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Pomegranate jelly colors the season

Recipe: Tangy condiment is just the right red

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Dark in the jar, pomegranate jelly is bright red on the plate (or cookie).
(Photo: Debbie Arrington)

Pomegranate jelly looks as cheery as the holiday season -- a brilliant ruby red. It’s just the right color for Valentine’s Day sweets as well as Christmas cookies.

Using fresh juice, pomegranate jelly can be a tangy and pretty filler for thumbprint cookies or petite pastries. Delicious on toast or English muffins, it makes a flavorful glaze on pork or chicken, too.

It takes eight to 10 medium-to-large pomegranates to produce 4 cups juice. This recipe can be scaled down, but not up.

The little dab of butter cuts down on the foam (and hence the waste). This recipe is adapted from Elise Bauer’s excellent Simply Recipes version.

Pomegranate jelly
Makes 6 to 8 half-pints

Adapted from Simply Recipes

Ingredients :
4 cups pomegranate juice
¼ cup lemon juice
½ teaspoon butter
6 tablespoons powdered pectin (1 package Sure-Jell)
5 cups sugar
Instructions:

Strain pomegranate and lemon juices to remove any seed or white membranes.
In a large heavy pot, combine pomegranate and lemon juices with powdered pectin and butter. Bring to a full rolling boil.
Add sugar all at once. Return to boil. Boil for 2 minutes, remove from heat and let sit for 1 minute.
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A food mill can be used to juice the arils.
(Photo: Debbie Arrington)
Skim off any foam. Ladle hot mixture into hot sterilized jars, leaving about 1/4-inch head space. Wipe rims, screw on lids and process filled jars in hot water bath for 5 minutes.

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Garden Checklist for week of July 7

Take care of garden chores early in the morning, concentrating on watering. We’re still in survival mode until this heat wave breaks.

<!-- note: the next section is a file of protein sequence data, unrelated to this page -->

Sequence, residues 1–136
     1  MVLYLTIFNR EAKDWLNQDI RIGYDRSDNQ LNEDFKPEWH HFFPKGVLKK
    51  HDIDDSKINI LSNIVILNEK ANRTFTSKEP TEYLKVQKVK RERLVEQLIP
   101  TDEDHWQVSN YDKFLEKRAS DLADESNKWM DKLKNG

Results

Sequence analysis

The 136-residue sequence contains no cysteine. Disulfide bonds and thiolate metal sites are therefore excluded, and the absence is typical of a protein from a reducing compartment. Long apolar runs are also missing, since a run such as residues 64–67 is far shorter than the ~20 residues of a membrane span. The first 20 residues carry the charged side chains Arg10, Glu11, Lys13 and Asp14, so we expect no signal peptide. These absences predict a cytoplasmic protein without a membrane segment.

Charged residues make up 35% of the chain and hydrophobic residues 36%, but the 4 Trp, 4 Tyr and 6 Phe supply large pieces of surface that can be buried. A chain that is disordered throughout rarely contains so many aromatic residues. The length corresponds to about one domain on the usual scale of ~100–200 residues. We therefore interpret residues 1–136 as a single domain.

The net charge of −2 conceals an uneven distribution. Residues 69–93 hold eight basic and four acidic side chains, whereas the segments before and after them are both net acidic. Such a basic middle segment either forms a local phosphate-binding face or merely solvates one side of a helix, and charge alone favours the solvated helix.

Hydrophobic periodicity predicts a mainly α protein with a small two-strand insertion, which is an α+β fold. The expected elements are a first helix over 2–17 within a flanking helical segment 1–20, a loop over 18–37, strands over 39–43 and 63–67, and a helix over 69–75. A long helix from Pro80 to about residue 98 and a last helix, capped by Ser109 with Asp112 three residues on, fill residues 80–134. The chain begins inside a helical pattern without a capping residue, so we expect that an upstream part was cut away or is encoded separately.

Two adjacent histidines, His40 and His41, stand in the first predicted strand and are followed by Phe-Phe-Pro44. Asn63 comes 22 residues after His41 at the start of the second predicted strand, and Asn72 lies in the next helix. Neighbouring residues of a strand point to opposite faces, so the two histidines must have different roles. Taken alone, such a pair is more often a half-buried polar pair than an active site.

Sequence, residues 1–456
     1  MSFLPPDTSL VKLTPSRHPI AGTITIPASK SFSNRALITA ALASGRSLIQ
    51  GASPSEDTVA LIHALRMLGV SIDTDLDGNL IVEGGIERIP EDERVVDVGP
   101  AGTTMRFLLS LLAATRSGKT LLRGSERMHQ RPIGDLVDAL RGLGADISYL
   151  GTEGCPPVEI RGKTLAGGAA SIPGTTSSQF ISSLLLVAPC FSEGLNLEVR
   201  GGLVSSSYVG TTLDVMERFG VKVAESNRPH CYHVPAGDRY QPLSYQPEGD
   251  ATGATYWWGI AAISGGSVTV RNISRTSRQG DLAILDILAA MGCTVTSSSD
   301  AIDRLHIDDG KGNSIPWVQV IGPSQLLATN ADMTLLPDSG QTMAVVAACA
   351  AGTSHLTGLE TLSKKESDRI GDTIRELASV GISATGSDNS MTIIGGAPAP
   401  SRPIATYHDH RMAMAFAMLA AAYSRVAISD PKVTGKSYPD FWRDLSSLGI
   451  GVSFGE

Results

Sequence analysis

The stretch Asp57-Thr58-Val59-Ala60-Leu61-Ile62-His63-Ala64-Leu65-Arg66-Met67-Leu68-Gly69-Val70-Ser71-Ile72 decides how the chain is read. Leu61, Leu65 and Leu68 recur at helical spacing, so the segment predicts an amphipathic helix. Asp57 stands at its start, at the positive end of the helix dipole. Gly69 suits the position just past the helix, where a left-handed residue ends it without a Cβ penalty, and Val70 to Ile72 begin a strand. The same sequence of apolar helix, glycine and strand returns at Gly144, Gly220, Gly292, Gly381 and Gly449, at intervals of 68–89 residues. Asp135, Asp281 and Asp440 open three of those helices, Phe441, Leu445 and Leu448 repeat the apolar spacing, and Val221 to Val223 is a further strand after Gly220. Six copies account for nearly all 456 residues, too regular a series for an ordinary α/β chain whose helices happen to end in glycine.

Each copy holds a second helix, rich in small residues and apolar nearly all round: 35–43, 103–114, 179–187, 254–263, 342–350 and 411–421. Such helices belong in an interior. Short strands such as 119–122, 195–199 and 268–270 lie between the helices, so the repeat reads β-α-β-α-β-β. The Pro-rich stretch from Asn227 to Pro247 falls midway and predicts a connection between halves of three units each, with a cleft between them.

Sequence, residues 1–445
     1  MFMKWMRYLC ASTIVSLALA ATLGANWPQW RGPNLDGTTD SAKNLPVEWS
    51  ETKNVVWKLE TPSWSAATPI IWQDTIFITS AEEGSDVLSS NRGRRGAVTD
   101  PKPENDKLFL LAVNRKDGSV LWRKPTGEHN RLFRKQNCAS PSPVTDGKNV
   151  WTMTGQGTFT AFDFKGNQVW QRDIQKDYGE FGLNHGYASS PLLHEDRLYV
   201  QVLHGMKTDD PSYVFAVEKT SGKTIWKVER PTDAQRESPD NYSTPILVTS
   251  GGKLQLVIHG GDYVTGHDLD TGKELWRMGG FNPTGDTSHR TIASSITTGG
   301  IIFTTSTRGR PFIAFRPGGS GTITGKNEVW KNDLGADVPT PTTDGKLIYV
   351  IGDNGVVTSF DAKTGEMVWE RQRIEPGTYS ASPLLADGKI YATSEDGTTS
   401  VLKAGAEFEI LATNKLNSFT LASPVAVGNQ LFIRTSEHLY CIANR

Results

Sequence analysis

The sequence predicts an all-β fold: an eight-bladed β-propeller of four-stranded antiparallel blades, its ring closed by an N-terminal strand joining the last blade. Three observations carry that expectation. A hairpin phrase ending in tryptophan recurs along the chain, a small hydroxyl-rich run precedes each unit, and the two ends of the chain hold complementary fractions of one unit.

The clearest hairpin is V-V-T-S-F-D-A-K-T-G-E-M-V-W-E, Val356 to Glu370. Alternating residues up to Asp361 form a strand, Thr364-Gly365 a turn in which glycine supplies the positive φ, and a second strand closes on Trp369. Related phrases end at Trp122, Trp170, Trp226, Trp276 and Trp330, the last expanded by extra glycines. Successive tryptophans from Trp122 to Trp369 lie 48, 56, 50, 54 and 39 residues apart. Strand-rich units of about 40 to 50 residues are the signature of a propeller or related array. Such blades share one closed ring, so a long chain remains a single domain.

* Keep your vegetable garden watered, mulched and weeded. Water before 8 a.m. to conserve moisture.

* Prevent sunburn; provide temporary shade for tomatoes, peppers, eggplant, melons, squash and other crops with “sensitive” skin.

* Hold off on feeding plants until temperatures cool back down to “normal” range. That means daytime highs in the low to mid 90s.

* Don’t let tomatoes wilt or dry out completely. Give tomatoes a deep watering two to three times a week. Harvest vegetables promptly to encourage plants to produce more.

* Squash especially tends to grow rapidly in hot weather. Keep an eye on zucchini.

* Some weeds thrive in hot weather. Whack them before they go to seed.

* Pinch back chrysanthemums for bushy plants and more flowers in September.

* Harvest tomatoes, squash, peppers and eggplant. Prompt picking will help keep plants producing.

* Remove spent flowers from roses, daylilies and other bloomers as they finish flowering.

* Pinch off blooms from basil so the plant will grow more leaves.

* Cut back lavender after flowering to promote a second bloom.

* One good thing about hot days: Most lawns stop growing when temperatures top 95 degrees. Keep mower blades set on high.

* Once the weather cools down a little, it’s not too late to add a splash of color. Plant petunias, snapdragons, zinnias and marigolds.

* After the heat wave, plant corn, pumpkins, radishes, winter squash and sunflowers. Make sure the seeds stay hydrated.

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